Firefox introduces color themes in its browser
Mozilla Corp.’s Firefox desktop Internet browser. gives users a time-limited approach to color themes, updating a relatively small aspect of the user experience in an effort to make users feel more connected.
An experimental Firefox feature called Colorways provides six palettes, from an orange hue called Abstract to a purple look called Graffiti, which can be set to lighter, neutral, and darker shadows. Users who choose one can keep it on their browser indefinitely, but Firefox plans to retire the current palettes in about two months.
Firefox plans to introduce different palettes if user adoption of the initial colors is high enough. The new shades will likely only be available for a limited time.
Browser customization has become more valuable as people continue to work from home and have fewer ways to express themselves at work, said Mikal Lewis, senior director of Firefox product management at Mozilla.
The limited lifespan of Colorways is a nod to the seasonality seen in fashion collections or in sneaker culture, added Lewis, whose early career spans nearly four years at retailer Nordstrom.
âWe’re not really thinking about the perfect color,â Lewis said, but about changing the options that can resonate with users at different times.
Colors are an extension of the Firefox redesign that rolled out in June, which aimed to simplify the browser by removing features that had built up over the years and clogged up the experience. He also urged first-time Firefox users to choose browser themes, among three he designed that don’t have an expiration date.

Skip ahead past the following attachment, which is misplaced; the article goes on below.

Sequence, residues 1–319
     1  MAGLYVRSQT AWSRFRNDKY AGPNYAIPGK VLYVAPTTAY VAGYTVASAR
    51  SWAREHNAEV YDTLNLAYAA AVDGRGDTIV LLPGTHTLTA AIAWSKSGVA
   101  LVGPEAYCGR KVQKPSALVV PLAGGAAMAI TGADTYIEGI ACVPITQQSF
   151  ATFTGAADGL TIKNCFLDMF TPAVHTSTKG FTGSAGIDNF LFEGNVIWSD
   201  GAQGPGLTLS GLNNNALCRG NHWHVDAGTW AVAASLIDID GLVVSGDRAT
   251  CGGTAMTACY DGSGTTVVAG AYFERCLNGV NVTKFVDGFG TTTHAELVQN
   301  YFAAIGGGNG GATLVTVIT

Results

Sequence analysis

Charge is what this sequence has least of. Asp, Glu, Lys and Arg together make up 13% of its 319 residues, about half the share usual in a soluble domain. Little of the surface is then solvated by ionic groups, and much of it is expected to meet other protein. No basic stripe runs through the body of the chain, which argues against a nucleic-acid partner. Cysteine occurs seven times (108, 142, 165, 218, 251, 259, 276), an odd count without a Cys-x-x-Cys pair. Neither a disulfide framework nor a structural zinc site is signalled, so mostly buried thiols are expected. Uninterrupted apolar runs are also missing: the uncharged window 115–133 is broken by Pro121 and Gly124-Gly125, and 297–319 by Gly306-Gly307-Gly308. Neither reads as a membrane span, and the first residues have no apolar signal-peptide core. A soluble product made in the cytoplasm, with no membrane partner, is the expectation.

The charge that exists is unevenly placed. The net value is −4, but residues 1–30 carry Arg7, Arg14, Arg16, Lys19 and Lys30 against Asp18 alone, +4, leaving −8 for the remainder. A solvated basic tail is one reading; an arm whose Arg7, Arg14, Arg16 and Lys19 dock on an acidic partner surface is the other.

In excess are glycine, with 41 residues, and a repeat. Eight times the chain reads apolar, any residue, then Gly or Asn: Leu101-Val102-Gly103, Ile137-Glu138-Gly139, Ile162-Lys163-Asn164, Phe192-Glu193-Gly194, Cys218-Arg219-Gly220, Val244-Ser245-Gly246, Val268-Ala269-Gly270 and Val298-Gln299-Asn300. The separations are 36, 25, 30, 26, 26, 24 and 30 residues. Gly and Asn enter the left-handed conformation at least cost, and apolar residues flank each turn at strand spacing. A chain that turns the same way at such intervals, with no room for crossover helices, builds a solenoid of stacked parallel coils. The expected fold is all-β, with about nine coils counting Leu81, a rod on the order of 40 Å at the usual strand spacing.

and Microsoft Corp.
have also updated their browsers in recent months, in part aiming to introduce more consistency between their desktop and mobile products.
It’s unclear how much small touches like Colorways can affect competition from browser manufacturers for market share.
Consumers see the browser primarily as a way to do something, not necessarily the same kind of place for customization as a smartphone wallpaper, for example, said Carolina Milanesi, president and senior analyst at Creative Strategies Inc. ., a technology consulting company.
âThe browser is a utility for most people, it’s a gateway to somewhere else,â Ms. Milanesi said.
Write to Ann-Marie AlcÃ¡ntara at [email protected]
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